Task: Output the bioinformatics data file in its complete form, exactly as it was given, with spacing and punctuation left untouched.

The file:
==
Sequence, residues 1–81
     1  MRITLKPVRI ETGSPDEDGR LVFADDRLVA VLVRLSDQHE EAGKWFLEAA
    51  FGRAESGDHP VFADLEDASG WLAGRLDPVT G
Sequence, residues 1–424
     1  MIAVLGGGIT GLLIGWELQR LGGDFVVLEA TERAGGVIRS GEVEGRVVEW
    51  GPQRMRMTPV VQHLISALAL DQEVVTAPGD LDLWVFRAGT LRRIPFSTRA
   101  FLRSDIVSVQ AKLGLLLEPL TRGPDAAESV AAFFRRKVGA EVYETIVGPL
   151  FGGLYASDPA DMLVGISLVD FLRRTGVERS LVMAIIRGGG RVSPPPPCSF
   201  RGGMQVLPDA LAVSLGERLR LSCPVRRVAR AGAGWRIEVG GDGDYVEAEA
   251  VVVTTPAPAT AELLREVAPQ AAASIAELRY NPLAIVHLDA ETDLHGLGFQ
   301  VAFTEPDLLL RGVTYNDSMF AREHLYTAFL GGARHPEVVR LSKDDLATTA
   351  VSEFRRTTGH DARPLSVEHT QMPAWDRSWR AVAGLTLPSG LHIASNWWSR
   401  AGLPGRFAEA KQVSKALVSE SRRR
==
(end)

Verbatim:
Sequence, residues 1–81
     1  MRITLKPVRI ETGSPDEDGR LVFADDRLVA VLVRLSDQHE EAGKWFLEAA
    51  FGRAESGDHP VFADLEDASG WLAGRLDPVT G
Sequence, residues 1–424
     1  MIAVLGGGIT GLLIGWELQR LGGDFVVLEA TERAGGVIRS GEVEGRVVEW
    51  GPQRMRMTPV VQHLISALAL DQEVVTAPGD LDLWVFRAGT LRRIPFSTRA
   101  FLRSDIVSVQ AKLGLLLEPL TRGPDAAESV AAFFRRKVGA EVYETIVGPL
   151  FGGLYASDPA DMLVGISLVD FLRRTGVERS LVMAIIRGGG RVSPPPPCSF
   201  RGGMQVLPDA LAVSLGERLR LSCPVRRVAR AGAGWRIEVG GDGDYVEAEA
   251  VVVTTPAPAT AELLREVAPQ AAASIAELRY NPLAIVHLDA ETDLHGLGFQ
   301  VAFTEPDLLL RGVTYNDSMF AREHLYTAFL GGARHPEVVR LSKDDLATTA
   351  VSEFRRTTGH DARPLSVEHT QMPAWDRSWR AVAGLTLPSG LHIASNWWSR
   401  AGLPGRFAEA KQVSKALVSE SRRR